Dear Master’s Programs students,
Our last two writing tips focused on topic sentences that cue the main idea and topic sentences that cue neither too much nor too little. Continuing with this theme, this week we’ll look at transitions in topic sentences.
Order and organization within your paper are established by the sequence of your ideas and paragraphs (here‘s a link to a helpful organizer; select Rough Plan.”) Even a well-ordered paper, however, benefits from solid transitions that help provide the feeling of continuity and organization for your reader. These transitions help establish what many writers refer to as “flow.”
One technique to create smoother transitions is the use of transition words. Conjunctive adverbs such as moreover, however, therefore, or subsequently help to show the logical link between a paragraph and the one that preceded it. These words also have the benefit of providing the reader an instant cue about what will follow. For example, when I see a topic sentence that includes moreover, I immediately know the paragraph will build upon what was just discussed. Conversely, however cues me to expect counter-argument or a change from what I’ve just read. Therefore lets me know the upcoming paragraph will discuss a consequence of the previous section.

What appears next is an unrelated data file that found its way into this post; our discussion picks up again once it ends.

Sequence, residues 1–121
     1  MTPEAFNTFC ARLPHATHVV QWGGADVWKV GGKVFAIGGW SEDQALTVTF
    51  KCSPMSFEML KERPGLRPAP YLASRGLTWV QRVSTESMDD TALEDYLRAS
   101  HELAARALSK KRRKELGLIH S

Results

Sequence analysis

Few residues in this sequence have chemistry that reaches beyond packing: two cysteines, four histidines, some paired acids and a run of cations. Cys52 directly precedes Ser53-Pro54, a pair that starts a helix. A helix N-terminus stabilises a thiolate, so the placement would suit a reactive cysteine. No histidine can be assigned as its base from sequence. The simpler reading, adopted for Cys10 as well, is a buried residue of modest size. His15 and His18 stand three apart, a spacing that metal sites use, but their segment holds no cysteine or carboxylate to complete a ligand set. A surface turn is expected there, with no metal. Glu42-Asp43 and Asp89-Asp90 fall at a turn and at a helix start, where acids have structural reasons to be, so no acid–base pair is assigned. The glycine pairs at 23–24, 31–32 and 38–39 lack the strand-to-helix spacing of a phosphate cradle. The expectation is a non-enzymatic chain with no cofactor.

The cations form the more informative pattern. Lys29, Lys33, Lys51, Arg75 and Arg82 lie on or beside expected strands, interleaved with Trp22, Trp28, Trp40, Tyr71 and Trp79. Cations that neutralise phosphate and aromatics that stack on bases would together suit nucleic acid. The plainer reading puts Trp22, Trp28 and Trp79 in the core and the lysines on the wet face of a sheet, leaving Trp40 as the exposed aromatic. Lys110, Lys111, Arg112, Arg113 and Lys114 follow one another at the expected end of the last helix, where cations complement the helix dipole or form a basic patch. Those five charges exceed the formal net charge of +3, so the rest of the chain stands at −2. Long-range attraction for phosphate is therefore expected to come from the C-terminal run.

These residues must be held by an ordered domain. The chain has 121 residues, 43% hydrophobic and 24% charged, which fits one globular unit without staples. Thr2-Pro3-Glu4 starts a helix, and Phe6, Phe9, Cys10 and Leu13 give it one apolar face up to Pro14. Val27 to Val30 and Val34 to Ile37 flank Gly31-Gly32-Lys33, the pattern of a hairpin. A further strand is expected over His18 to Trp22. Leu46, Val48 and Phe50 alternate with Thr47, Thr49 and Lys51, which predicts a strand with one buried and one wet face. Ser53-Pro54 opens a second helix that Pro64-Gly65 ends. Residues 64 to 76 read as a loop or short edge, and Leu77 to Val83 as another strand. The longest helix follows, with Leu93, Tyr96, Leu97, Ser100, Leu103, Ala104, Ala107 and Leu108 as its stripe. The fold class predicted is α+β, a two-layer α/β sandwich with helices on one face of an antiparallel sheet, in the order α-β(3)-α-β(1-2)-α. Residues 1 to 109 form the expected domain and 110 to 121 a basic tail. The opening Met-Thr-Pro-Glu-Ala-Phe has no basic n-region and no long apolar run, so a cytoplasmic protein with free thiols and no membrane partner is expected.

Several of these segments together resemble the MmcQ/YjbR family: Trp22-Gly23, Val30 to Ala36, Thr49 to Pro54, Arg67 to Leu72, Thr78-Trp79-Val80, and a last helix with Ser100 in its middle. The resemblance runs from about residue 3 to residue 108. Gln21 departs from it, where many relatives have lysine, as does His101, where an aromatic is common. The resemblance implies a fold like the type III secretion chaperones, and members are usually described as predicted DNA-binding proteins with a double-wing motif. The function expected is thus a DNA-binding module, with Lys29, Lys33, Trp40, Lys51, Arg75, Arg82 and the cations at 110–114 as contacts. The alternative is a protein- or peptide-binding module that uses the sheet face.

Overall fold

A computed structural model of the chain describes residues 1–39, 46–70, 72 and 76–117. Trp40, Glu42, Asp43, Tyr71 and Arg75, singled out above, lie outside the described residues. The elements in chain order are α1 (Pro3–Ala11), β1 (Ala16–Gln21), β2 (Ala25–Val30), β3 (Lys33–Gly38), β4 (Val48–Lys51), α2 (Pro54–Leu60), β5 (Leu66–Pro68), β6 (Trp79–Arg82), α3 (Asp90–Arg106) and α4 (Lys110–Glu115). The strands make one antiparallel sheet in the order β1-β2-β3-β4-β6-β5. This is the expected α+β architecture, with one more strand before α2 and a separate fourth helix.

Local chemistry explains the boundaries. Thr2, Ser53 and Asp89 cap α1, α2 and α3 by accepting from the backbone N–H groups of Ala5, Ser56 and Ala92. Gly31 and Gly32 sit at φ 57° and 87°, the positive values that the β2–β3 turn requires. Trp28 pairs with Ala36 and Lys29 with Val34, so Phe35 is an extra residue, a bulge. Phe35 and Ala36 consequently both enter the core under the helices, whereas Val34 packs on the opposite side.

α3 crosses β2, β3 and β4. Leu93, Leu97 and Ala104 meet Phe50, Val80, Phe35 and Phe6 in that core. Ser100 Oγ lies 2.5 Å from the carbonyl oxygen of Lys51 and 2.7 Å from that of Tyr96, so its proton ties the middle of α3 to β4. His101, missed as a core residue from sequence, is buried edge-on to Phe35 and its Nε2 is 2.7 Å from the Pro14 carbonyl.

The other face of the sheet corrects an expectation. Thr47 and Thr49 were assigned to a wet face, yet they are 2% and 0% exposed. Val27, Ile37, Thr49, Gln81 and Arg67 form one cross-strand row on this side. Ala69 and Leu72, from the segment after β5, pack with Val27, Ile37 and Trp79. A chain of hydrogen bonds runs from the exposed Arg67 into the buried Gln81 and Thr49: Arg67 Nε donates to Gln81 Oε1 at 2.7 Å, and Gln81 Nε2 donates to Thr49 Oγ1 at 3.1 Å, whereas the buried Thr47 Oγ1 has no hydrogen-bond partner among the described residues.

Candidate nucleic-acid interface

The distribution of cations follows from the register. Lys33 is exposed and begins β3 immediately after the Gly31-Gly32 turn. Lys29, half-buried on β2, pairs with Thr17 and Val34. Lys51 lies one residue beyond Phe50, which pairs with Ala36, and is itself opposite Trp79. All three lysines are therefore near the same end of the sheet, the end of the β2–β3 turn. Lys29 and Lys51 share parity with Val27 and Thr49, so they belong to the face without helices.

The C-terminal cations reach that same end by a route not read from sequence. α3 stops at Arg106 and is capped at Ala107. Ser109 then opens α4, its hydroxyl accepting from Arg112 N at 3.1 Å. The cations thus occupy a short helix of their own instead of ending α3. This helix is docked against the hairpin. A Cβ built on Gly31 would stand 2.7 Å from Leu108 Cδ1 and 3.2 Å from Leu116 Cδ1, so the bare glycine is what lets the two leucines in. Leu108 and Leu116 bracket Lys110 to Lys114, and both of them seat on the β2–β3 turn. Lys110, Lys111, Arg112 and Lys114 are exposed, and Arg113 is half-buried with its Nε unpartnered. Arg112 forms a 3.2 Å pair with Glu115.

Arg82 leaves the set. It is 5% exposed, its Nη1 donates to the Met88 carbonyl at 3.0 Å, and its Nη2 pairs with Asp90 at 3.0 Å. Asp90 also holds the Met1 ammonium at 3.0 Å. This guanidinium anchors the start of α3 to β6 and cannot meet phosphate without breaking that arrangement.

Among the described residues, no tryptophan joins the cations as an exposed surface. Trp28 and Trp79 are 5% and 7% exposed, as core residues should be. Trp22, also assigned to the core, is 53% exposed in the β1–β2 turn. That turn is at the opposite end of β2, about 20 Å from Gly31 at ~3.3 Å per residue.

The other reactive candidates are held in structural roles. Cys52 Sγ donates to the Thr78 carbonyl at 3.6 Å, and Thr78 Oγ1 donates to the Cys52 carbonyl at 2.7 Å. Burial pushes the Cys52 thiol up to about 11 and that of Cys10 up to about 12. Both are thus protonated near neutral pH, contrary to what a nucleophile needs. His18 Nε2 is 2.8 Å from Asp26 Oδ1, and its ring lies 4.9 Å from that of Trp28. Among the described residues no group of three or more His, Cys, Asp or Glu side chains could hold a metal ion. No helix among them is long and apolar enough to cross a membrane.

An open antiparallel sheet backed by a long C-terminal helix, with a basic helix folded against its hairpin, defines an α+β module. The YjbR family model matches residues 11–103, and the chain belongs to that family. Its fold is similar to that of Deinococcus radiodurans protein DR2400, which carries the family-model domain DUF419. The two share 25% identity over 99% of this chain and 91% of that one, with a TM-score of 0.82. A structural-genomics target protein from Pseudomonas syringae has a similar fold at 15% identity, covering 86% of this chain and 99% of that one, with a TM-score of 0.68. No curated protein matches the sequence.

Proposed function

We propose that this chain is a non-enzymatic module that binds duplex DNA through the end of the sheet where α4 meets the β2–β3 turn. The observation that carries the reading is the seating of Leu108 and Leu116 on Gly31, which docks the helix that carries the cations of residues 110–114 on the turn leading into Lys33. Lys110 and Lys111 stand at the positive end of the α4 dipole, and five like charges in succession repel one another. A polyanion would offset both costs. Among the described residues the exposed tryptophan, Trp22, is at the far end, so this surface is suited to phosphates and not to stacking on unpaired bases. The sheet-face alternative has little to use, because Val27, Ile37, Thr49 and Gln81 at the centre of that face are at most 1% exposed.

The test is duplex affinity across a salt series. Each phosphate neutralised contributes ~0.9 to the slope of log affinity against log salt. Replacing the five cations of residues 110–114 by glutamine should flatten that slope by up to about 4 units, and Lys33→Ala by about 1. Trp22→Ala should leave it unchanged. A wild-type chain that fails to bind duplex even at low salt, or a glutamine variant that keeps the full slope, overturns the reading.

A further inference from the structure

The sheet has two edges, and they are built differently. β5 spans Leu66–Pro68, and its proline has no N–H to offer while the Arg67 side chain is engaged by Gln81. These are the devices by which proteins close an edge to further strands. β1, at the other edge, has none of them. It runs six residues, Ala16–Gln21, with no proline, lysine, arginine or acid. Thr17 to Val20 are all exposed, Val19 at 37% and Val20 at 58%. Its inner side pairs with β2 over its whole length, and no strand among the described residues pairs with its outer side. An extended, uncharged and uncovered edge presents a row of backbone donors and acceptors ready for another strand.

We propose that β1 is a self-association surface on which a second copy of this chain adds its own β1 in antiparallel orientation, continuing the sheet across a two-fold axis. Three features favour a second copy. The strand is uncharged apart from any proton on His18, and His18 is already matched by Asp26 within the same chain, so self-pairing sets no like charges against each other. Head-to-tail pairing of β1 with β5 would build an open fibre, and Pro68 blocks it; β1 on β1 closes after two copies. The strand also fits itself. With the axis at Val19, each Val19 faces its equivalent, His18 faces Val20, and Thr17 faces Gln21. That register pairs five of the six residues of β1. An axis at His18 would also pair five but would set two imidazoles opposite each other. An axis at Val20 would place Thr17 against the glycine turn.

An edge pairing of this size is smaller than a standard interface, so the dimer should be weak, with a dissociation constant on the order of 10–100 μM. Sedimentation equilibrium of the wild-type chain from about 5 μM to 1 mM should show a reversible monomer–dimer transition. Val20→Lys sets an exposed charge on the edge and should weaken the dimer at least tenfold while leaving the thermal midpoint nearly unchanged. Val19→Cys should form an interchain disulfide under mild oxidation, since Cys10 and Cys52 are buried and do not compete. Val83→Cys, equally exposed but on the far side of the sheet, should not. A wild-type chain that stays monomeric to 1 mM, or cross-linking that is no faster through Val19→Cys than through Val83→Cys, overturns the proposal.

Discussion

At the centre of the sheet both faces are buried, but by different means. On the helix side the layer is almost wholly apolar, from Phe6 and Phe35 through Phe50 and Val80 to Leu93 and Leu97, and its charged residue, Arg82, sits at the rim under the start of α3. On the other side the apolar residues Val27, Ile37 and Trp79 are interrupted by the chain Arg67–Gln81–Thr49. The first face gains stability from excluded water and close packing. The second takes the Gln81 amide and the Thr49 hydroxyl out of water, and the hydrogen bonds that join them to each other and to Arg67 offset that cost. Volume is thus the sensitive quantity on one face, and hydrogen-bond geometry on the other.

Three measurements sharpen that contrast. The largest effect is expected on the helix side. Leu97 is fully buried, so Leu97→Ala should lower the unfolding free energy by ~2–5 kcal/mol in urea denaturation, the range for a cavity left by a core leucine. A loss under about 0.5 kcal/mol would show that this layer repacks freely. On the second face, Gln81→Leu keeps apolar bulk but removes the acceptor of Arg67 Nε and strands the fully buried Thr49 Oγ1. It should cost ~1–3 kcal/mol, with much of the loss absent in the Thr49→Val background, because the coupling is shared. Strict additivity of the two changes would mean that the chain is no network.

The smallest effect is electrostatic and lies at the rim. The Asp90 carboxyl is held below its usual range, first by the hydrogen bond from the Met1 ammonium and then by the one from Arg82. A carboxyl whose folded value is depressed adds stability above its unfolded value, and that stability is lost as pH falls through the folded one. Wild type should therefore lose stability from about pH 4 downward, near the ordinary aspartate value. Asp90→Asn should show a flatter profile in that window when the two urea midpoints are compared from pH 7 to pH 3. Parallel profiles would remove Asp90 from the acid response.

Another way to establish these transitional links is through the use of pronouns such as this, that, these, and those. Pronouns link back to their antecedents (the words to which the pronouns refer), so they’re a natural way to connect to ideas and terms from the preceding paragraph. For example, the topic sentence of this paragraph uses the phrase “these transitional links.” This phrase reminds the reader you’ve already discussed transitional links, and will continue to examine “these links” in the paragraph that follows.
Sometimes the gap between two paragraphs will be too great to span with a simple word like this or furthermore. In that case, you’ll want to make sure you’ve arranged your paragraphs in the best order possible (again, see our Rough Plan worksheet). If your paragraphs are still too disparate to link easily, consider writing a “bridge paragraph.” As its name suggests, this kind of mini-paragraph helps bridge the idea-chasm between two sections of your paper. When preparing a bridge paragraph, ask yourself what relationship exists between the two sections, and consider the best way to explicate that connection. It’s usually a good idea to start by talking about the ideas of the first paragraph, and move toward an ending that focuses on the ideas of the second.